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Britten - Peter Grimes (The Metropolitan Opera HD Live Series)

4.6 out of 5 stars 24 customer reviews

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Editorial Reviews

Product Description

The Metropolitan Opera's acclaimed Live in High-Definition series, which projects live performances into theaters across the globe, has met with unprecedented critical and commercial success and has made opera convenient and affordable to millions of viewers worldwide. Now, EMI Classics is proud to collaborate with The Met to release 6 new DVDs made from these broadcast performances.

"The more vicious the society, the more vicious the individual." (Benjamin Britten) Anthony Dean Griffey and Patricia Racette captivate in John Doyle's new production of
Britten's tortured masterpiece. Donald Runnicles leads the Met Orchestra in what the Boston Globe called "an inspired performance . . . full of passion and commitment yet free of bombast."

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Few modern operas can match Benjamin Britten’s Peter Grimes for harrowing intensity wedded to brilliant music. Grimes is a fisherman whose young apprentices meet with unfortunate accidents, making him suspected of murder by his mean-spirited neighbors. At the end, Grimes’ psyche snaps and, suicidal, he rows out to sea to find oblivion under the waves. For a generation of opera-goers, the role of Grimes was defined by Jon Vickers, whose huge voice and overwhelming intensity embodied the loner struggling for self-preservation in a bigoted, conformist environment. In this new MET production, Grimes is the sterling American tenor Anthony Dean Griffey, who approaches the role from a very different, but also effective, angle. He’s a light-voiced lyric tenor, at the opposite end of the tonal spectrum from Vicker’s heroic voice. But so was the originator of the role, Peter Pears, and like Pears, Griffey projects an antihero enmeshed in self-doubt, confusion and bewilderment. He also sings and acts well; the voice easily encompassing Britten’s writing, the stage demeanor effective. Soprano Patricia Racette is a terrific Ellen Orford, the widow who tries to understand and help the hapless Grimes. Her bright-voiced portrayal makes her a profoundly sympathetic character. The entire cast is excellent in what is essentially an ensemble opera, though some manage to stand out: Felicity Palmer as the malevolent Mrs. Sedley, whose "Murder most foul" drips with venom; mezzo Jill Grove as "Auntie," John Del Carlo as a Swallow to remember, and Teddy Tahu Rhodes who brings welcome nuance to the role of Ned Keene, are just a few of the many worthy of mention. Donald Runiccles conducts brilliantly; the responsive MET orchestra and chorus wonderful in an opera where they are of crucial importance.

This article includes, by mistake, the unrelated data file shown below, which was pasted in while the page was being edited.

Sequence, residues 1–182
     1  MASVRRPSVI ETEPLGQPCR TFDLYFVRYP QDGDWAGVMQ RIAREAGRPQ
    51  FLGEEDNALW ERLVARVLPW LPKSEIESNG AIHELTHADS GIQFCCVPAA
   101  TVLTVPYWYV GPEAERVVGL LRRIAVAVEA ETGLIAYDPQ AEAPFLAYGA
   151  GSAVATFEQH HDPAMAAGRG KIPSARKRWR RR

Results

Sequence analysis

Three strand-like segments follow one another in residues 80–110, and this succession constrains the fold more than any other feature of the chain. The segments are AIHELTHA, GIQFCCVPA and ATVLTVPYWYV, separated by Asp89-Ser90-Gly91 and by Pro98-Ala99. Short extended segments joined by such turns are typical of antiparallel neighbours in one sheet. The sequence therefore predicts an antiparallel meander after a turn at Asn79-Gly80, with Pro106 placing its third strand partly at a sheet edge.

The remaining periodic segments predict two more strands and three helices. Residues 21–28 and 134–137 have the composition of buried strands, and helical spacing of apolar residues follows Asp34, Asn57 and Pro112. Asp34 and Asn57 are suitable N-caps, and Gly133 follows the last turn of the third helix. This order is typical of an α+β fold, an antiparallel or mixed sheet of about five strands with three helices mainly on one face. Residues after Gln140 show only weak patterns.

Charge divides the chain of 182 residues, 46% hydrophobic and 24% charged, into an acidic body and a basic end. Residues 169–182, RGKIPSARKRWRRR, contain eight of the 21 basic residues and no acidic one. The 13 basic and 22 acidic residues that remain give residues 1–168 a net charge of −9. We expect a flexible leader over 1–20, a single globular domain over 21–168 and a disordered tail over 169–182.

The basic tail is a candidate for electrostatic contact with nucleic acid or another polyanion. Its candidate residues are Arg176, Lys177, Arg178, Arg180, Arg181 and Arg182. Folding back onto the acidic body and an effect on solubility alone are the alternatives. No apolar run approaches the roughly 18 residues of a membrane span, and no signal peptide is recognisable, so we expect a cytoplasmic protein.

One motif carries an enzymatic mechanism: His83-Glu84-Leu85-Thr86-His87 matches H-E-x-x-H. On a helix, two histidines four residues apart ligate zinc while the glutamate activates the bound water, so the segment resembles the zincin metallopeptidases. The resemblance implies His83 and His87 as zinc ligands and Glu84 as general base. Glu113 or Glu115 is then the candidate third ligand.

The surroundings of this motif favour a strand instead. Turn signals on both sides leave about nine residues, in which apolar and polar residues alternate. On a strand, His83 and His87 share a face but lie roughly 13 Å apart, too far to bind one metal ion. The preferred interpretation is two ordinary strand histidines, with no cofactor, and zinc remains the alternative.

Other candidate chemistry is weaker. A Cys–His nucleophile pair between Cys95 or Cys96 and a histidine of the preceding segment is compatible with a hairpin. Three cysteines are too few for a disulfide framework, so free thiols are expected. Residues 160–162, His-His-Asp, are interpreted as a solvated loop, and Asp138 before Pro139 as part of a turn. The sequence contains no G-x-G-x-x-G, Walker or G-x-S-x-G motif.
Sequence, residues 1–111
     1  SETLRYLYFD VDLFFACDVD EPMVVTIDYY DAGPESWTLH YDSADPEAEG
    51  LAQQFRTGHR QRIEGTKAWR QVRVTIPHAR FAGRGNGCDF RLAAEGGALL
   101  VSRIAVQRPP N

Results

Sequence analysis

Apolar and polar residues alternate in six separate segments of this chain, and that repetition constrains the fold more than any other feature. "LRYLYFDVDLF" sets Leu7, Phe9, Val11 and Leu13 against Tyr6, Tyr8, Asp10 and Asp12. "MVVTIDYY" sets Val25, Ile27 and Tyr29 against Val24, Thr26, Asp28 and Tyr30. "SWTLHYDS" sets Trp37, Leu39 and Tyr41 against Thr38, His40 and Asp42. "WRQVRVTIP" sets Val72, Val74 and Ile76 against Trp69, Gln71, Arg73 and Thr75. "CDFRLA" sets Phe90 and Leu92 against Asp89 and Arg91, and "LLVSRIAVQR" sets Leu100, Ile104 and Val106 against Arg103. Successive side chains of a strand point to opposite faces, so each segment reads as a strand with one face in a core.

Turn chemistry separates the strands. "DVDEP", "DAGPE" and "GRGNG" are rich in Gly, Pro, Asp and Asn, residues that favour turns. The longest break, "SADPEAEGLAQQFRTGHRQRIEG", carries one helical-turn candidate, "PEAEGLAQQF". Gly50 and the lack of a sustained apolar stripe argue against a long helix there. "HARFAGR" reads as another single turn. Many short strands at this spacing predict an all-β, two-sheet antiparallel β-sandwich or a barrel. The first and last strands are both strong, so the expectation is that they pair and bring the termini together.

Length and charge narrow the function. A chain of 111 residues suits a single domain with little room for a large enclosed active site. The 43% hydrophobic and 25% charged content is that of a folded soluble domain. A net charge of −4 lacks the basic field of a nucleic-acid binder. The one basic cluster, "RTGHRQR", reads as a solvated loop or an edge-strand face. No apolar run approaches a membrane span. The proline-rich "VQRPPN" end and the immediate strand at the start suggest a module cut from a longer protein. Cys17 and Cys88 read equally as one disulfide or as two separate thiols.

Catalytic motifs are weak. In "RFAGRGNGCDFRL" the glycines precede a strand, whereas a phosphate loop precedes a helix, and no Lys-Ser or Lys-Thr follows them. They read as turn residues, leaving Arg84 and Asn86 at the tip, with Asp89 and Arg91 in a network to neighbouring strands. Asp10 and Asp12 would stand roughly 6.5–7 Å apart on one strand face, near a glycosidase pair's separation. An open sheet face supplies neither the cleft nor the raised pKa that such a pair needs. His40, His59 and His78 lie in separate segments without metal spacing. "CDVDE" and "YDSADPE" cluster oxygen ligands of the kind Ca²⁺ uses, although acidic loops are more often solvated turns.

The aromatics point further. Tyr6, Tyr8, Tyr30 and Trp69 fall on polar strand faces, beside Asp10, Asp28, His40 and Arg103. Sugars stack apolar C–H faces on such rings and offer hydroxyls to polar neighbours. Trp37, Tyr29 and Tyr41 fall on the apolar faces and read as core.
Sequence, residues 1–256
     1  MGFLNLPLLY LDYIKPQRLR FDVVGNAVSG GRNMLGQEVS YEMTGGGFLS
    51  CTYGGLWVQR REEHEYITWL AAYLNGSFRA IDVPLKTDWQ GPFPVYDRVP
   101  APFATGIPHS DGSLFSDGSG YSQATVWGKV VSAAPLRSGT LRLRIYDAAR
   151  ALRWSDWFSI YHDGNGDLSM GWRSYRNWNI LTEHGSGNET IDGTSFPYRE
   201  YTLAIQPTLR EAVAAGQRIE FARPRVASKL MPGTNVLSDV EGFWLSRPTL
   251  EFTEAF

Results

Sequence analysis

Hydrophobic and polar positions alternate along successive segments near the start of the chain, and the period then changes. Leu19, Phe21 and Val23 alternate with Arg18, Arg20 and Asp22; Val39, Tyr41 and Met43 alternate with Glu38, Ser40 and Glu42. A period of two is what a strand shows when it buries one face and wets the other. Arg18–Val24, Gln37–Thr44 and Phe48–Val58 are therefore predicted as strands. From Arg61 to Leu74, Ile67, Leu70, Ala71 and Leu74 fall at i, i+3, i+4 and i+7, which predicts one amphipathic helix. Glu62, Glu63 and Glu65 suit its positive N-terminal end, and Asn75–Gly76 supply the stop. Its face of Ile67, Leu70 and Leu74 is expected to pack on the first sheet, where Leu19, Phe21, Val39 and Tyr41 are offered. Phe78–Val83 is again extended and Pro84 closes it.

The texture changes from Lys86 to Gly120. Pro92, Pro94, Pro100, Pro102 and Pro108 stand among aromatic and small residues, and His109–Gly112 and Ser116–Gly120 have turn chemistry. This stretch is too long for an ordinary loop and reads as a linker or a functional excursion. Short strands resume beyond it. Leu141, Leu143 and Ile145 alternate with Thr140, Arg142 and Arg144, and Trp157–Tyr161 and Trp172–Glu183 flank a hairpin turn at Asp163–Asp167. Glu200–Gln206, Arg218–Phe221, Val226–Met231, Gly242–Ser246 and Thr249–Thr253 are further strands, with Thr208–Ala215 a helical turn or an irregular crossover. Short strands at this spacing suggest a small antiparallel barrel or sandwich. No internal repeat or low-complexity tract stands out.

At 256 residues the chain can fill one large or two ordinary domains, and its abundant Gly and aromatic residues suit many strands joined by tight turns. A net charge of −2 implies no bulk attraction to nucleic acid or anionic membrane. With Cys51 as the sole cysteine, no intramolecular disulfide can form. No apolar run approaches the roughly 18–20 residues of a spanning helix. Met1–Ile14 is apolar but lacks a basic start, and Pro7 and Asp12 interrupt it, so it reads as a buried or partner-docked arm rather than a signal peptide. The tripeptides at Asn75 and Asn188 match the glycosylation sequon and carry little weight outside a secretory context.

Unfortunately, in an opera whose orchestral interludes and depictions of the ever-present sea this production gives no hint of fishing boats, sea spray or the other aspects of the seaside village. Instead, producer John Doyle and set designer Scott Pask have built a full-stage wall of dark houses, through whose doors and windows different characters sing or watch. This enhances the claustrophobic nature of the narrative; a physical analogue to the way Grimes psyche is hemmed in by a stifling environment. But it also removes the realism of Britten’s conception and its sense of place while enforcing a static stage picture. Some of this is mitigated by TV director Gary Halvorson’s fluid camera work and closer observations of the singers, making the DVD more involving than the production was in the theatre. --Dan Davis